Inventory, 10 lbs : 0
African eggplants can be found in an assortment of sizes from a small, round egg shape to a depressed globular, pumpkin-like shape with deep furrows and depending on the variety; they range from 5-15 centimeters in diameter. The outer skin is shiny and smooth and can be yellow, green, white, or red, and the inner flesh is crunchy and pale yellow or ivory. African eggplants have a distinctly bitter taste that becomes more bitter as it ripens.
African eggplants are available year-round with peak season in the late summer and fall.
African eggplants, botanically classified as Solanum aethiopicum, range in color and shape, depending upon the cultivar, and are divided into four groups categorized by size, shape, and method of use: Gilo, Shum, Kumba, and Aculeatum. African eggplants are commonly known as Mock Tomato, Bitter Tomato, Ethiopian nightshade, and Scarlet Eggplant.
African eggplants contain fiber, potassium and some beta-carotene, ascorbic acid, iron, and calcium.
African eggplants can be used in both raw and cooked applications. When raw, they can be sliced and eaten fresh, pickled, pureed into juice, or dried for later use. African eggplants can also be prepared by grilling, baking, broiling, and steaming. They are commonly stuffed or cooked in meat, vegetable, or rice dishes and can also be used as a pasta substitute. The leaves and young shoots of the African eggplant, containing most of the plant's nutritional value, can be used in soups, stews, sautés and even pickled. The inherent bitterness of the African eggplant is complimented by sweet flavors, rich proteins, and smoked meats. African eggplants pair well with curry or long braises in a simple blend of oil and garlic, nutty cheeses such as parmesan, meats such as ham, bacon, and sausage, caramelized onions or mushrooms, sweet potatoes, baby corn, tomatoes, red bell pepper, green beans, beans, and peanuts. African eggplants will keep up to week when stored whole in a cool and dry place.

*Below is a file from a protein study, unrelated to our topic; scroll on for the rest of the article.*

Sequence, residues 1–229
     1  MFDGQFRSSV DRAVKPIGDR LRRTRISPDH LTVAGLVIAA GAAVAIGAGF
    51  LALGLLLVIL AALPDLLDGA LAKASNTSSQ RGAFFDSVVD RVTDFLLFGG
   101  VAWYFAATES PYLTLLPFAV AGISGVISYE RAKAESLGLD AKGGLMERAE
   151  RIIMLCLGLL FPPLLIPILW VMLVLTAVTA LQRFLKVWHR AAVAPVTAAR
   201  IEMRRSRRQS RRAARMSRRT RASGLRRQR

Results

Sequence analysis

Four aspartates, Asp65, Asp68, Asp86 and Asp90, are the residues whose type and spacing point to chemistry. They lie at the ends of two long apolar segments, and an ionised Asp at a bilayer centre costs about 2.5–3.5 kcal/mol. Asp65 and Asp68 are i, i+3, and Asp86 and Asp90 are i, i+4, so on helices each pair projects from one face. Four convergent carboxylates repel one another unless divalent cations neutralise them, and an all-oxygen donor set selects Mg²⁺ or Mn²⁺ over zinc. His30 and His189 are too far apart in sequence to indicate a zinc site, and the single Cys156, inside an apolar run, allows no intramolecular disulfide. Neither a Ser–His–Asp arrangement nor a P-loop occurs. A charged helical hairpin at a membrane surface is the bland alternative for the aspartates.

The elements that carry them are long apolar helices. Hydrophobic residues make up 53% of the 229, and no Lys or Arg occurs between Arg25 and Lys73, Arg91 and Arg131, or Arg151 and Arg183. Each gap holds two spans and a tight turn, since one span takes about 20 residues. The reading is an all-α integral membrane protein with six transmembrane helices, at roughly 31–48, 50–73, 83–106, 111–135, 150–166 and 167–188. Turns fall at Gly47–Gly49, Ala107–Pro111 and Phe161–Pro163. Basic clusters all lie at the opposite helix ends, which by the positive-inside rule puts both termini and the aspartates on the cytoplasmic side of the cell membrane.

African eggplants have been a staple in African culture and cuisine. A popular item sold by street vendors, 80% of the total eggplant production in Africa comes from small family farms. African eggplants are consumed on a regular basis in households and are popularly used in curry dishes. Ancient folklore also mentions this fruit as a blessing of fertility, and African eggplants are often given as a gift during wedding and child naming ceremonies.
African eggplants are grown predominantly in Central and West Africa. They have since been introduced into the Caribbean and South America and are even grown in some of the warmer climates of southern Italy. Today, African eggplants are available at farmers markets and specialty grocers in Africa, South America, the Caribbean, the United States, and Europe.
Recipes that include African Eggplant. One is easiest, three is harder.